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A Paper
On

“Ethics In Education”

Submitted
For
3RD INTERNATIONAL CONFERENCE
ON
“Business Ethics Governance, And Sustainable Enterprises”

Organized
By

GUJARAT TECHNOLOGICAL UNIVERSITY

Submitted
By

Dr. Viral Shilu
Director
Shree Swaminarayan Institute Of Management
Chhaya-Porbandar
E-mail: prof.viralshilu@gmail.com
Cell: +91 9824286825

ETHICS IN EDUCATION
Abstract
Education has ever been considered as one of the strongest foundations for any civilized society. The success of any Nation is largely attributed the way in which education system is built up. There is growing importance the world over these days to incorporate importance of ethical standards in education. Ethical standards in education contain basic principles, procedures and behavior patterns based on commitment to core values that are deeply rooted in education. An ethical education will pave a way to uplift educational standards which in turn will instill right values among students who will certainly create landmark in their career as well as life.

ETHICS IN EDUCATION

The Concept Of Ethics

The definition of ethics is shaped by personal, societal and professional values, all of which are difficult to specify. Some stress the importance of society’s interests and others stress the interests of the individual. These conflicting viewpoints have dominated the discussion of ethics for a long time and may remain in the future as well. Thus, the term ‘ethics’ will have to be defined in this context. 

The word ‘ethics’ is derived from the Greek word ‘ethos’ (character) and Latin word ‘moras’ (customs).  Taken together these two words define how individuals choose to interact with one another. Thus, ethics is about choices. It signifies how people act in order to make the ‘right’ choice and produce ‘good’ behavior. It encompasses the examination of principles, values and norms, the consideration of available choices to make the right decision and the strength of character to act in accordance with the decision. Hence, ethics, as a practical discipline, demands the acquisition of moral knowledge and the skills to properly apply such knowledge to the problems of daily life.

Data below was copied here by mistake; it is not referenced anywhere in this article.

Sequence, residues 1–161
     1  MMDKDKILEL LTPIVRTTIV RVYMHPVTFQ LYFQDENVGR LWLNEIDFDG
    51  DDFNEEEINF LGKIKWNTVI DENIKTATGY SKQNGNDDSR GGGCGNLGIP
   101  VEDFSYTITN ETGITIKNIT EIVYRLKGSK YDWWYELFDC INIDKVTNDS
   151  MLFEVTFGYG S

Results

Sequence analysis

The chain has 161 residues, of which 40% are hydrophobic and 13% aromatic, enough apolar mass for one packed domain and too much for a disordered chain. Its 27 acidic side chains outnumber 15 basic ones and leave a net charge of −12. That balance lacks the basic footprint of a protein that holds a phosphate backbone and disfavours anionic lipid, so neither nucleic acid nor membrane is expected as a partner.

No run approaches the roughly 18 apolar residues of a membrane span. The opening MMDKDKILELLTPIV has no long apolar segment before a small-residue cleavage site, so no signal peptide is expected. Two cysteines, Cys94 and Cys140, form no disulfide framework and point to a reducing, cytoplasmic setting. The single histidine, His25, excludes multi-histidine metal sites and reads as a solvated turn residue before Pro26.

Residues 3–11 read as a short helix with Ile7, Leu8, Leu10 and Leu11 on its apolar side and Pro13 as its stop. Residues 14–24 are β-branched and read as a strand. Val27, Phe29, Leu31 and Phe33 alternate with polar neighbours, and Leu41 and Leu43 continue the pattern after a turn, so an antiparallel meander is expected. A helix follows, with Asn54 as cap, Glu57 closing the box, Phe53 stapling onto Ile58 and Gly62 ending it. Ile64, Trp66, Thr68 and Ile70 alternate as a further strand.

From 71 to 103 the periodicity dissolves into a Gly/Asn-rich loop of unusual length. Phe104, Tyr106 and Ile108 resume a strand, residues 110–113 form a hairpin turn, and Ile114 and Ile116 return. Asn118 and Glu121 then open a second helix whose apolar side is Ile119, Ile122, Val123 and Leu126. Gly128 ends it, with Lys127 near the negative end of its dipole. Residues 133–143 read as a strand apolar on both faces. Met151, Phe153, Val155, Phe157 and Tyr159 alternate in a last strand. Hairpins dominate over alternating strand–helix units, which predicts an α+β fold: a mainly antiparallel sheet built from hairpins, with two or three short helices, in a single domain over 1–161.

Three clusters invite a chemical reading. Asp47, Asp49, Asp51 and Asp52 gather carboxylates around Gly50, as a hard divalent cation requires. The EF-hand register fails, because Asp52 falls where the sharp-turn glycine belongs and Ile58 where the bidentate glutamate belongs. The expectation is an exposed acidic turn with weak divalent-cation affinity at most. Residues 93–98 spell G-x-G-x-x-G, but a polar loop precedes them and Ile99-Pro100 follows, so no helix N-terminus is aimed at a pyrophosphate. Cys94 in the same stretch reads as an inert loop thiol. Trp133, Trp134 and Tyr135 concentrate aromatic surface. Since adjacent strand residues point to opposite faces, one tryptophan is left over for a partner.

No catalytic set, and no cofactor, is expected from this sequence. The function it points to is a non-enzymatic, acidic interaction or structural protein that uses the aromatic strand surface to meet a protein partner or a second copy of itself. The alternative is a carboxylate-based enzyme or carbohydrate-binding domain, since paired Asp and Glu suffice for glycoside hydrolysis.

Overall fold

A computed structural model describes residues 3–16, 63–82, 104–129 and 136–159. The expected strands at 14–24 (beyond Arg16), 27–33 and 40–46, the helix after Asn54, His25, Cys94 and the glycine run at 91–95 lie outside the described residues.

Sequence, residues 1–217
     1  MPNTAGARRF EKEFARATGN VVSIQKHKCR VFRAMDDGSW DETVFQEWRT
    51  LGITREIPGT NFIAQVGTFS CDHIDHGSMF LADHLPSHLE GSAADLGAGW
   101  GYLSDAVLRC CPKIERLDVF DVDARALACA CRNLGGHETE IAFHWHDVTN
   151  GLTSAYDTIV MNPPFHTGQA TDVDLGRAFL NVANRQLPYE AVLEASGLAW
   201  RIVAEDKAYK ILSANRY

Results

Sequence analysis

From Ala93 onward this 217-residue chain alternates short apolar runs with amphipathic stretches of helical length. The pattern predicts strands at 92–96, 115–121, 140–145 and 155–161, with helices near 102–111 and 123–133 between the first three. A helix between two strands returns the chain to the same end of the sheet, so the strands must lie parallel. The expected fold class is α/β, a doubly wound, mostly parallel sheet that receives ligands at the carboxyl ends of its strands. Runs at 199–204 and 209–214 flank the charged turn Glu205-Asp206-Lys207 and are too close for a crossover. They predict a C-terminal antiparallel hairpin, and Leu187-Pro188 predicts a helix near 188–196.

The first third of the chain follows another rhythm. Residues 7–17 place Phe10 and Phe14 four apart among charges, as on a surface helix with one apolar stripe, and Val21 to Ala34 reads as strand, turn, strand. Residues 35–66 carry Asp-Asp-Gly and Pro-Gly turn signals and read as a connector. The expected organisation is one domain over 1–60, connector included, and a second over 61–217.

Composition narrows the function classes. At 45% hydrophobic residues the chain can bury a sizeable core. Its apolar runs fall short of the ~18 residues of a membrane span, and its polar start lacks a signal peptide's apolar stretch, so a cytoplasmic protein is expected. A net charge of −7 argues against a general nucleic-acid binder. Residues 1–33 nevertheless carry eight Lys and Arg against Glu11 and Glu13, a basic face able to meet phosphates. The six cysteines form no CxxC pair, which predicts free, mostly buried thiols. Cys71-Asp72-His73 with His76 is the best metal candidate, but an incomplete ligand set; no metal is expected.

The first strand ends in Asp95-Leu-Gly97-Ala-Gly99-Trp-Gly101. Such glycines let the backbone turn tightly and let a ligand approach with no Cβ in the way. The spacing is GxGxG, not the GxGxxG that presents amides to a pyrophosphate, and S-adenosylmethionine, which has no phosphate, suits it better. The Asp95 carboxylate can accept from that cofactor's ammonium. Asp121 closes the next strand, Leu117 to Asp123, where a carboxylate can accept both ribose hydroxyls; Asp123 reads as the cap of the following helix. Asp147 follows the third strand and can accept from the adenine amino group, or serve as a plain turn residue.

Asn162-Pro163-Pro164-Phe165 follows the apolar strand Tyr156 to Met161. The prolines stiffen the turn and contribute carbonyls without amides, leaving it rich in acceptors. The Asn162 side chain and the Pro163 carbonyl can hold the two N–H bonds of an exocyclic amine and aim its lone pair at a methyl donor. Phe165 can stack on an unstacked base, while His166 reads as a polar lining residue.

Philosophical Theories of Ethics

Decision making based on intuition or personal feeling does not always lead to the right course of action. Therefore, ethical decision making requires a criterion to ensure good judgment. The philosophical theories of ethics provide different and distinct criteria for good, right or moral judgment.

Three prominent philosophical theories of ethics are utilitarianism, rights and justice. They are normative theories of ethics, which provide a principle or standard on how a person ought to behave towards others by considering the right and wrong of an action. These normative theories are divided into two broad classifications, consequential and non-consequential. Consequential theories define ‘good’ in terms of its consequences, and a best known example is theory of utilitarianism. In contrast, non-consequential theories define ‘good’ not by its consequences but by its intrinsic value and the best known examples are the rights and justice theories. These theories are described below. 

(a) The theory of utilitarianism
According to this theory, the ethical alternative is the one that maximises good consequences over bad consequences. Jeremy Bentham, who is considered as the father of utilitarian ethics, defines utilitarianism as the greatest happiness principle (the principle of utility), which measures good and bad consequences in terms of happiness and pain. He wrote as follows in his book ‘An Introduction to the Principles of Morals and Legislation’:

"Nature has placed mankind under the governance of two sovereign masters, pain and pleasure. It is for them alone to point out what we ought to do, as well as to determine what we shall do. On the one hand the standard of right and wrong, chain of causes and...
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